Reservist

ISS1 2019

Reservist Magazine is the award-winning official publication of the United States Coast Guard Reserve. Quarterly issues include news and feature articles about the men and women who comprise America's premier national maritime safety and security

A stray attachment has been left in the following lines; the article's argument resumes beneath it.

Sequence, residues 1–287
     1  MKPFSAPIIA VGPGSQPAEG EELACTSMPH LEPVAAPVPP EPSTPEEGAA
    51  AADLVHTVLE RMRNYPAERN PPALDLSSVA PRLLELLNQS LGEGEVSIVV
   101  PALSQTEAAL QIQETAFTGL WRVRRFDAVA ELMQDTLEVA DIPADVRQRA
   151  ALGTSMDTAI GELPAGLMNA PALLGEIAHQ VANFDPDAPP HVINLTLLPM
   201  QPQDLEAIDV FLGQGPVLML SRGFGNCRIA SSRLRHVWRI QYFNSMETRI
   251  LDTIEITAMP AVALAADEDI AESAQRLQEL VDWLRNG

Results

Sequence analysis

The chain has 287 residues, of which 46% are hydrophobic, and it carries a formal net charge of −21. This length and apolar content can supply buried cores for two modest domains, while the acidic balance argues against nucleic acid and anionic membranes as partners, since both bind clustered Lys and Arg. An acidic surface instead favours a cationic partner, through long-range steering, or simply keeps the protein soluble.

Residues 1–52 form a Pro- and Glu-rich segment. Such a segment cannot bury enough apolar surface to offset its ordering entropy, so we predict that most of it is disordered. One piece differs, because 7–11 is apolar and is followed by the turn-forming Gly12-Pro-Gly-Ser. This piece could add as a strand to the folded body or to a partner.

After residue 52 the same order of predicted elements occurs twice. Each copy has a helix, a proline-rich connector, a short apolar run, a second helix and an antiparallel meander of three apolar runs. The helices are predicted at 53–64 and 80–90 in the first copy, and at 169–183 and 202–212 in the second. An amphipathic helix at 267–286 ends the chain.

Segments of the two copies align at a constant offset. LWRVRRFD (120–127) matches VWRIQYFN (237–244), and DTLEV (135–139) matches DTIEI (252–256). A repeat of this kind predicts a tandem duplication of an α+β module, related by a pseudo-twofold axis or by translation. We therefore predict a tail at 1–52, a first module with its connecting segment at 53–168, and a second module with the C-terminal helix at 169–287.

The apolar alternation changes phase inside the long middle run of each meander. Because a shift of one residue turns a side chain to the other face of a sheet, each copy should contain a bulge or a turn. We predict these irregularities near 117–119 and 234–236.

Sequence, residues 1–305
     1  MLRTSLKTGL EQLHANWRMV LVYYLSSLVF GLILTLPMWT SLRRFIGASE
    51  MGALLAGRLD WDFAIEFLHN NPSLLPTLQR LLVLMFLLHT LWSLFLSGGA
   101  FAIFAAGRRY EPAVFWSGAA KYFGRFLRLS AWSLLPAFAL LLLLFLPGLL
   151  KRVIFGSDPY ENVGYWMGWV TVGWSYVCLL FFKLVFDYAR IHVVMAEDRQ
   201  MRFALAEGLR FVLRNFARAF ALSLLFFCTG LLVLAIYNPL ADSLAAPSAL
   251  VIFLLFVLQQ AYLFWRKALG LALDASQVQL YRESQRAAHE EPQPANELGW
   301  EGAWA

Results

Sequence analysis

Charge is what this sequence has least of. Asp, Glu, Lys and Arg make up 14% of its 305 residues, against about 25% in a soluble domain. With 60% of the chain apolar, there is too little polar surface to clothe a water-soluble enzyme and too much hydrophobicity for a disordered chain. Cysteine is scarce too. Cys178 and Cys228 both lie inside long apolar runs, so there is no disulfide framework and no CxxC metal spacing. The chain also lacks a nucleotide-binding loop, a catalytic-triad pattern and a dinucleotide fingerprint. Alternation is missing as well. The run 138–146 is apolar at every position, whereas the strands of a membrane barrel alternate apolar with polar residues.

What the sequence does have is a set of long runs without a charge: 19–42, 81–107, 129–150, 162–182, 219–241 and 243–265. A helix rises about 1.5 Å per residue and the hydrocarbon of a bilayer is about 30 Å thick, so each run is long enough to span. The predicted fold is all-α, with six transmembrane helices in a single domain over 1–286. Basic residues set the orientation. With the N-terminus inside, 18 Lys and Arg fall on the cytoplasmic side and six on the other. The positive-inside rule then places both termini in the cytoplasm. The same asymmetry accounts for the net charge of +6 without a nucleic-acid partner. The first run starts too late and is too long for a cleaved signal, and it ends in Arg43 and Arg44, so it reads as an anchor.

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How to get your OER right the rst time If you're a reserve officer, you may recognize my name. I manage the reserve OER system. I validate all reserve OERs. I am the last place all reserve OERs go before they are turned over to Military Records. I am required to understand the rules and regulations of the OER—for both active duty and reserve members, since I also manage reservists on EAD and long term ADOS. I'm the one who enters your OER into DA, and I make sure the board knows your OER is valid. So why write this article? Over the past year, I have reviewed roughly 700 OERs and, unfortunately, almost 75 percent of them had some challenge that needed to be addressed before validation. My goal is to reduce mistakes that aren't in line with OER policy and eliminate dozens of emails between my office, the member and their command. By refreshing the officer population on the basics of policy, we can save all these people a lot of man hours. This article is just giving you common issues, definitely read the official policy found here: • COMDTINST M1000.3 (series), Ofcer Accessions, Evaluations, and Promotions Manual • PSCINSTM1611.1(series), The Coast Guard Ofcer Evaluation System Procedures Manual • COMDT COGARD Washington DC 141017 Nov 18, ACN 125/18 - Prohibition of gender specic pronouns and names on evaluation reports and announcement of one-page OER You can always send questions to the RPM-1 OER inbox at: ARL-PF-CGPSC-RPMOER@uscg.mil. � — Submitted by Lt. David Holden, PSC RPM-1 (OES) Demographics All written portions of the OER need to avoid demographic information. But what does demographic information mean? Demographic information includes anything (outside of block 1) that a board can read and learn something about you, which identifies your demographic and could provide potential for bias. Questions like: What is your name? What gender are you (avoid using him/her/hers/his)? What's your marital status? What color is your skin? What's your civilian job? Do you have children? Are you [insert religion]? Are you of [insert country] decent? Are you under pending litigation (like DUI)? Do you have medical issues? (The same goes for anyone referenced in your OER.) Our goal is to make sure your demographics don't affect the process, so if we see that in your OER, we'll return it for corrections to prevent that. RESERVIST MAGAZINE THE MORE YOU KNOW Here are the top 5 things to remember before sending your OER. ➊ BLOCK 5a: If you are a Reporting Officer, mark that you "Concur, Do not concur, or RO is supervisor" in block 5a. To get your comparison scale from Direct Access, and mark that you provided it to the reviewer. (Comparison scale = log on to DA; click Self Service; Employee; View; Off Comparison Scale Summary). Roughly 50% all OERs are returned because this is overlooked. ➋ BLOCK 1: Specifically, look at Block 1j, 1k, and 1l. These need to be filled out with counseling date from within the period, a counselor name, and a signature from the member. Roughly 20 percent of all OERs are returned because of these blocks. ➌ BLOCK 1c: Make sure the start date is the day AFTER your end of period from your last validated OER (validated means there is a signature in the top right corner and it is within your EIPDR). The end date should match the occasion for report (biennial due date, RO departure date, etc.). ➍ Chain of Command: All IDPL members O-5 and below need at least one ADPL and one IDPL member in their chain of command, unless they are at a unit with more than 50 percent reserve positions. This can be waived by RPM with appropriate documentation. ➎ Signature dates: When signing, the supervisor is the only member allowed to sign within the period of report and the other members should all sign in chronological order after that (or on the same day). 36 RESERVIST � Issue 1 • 2019

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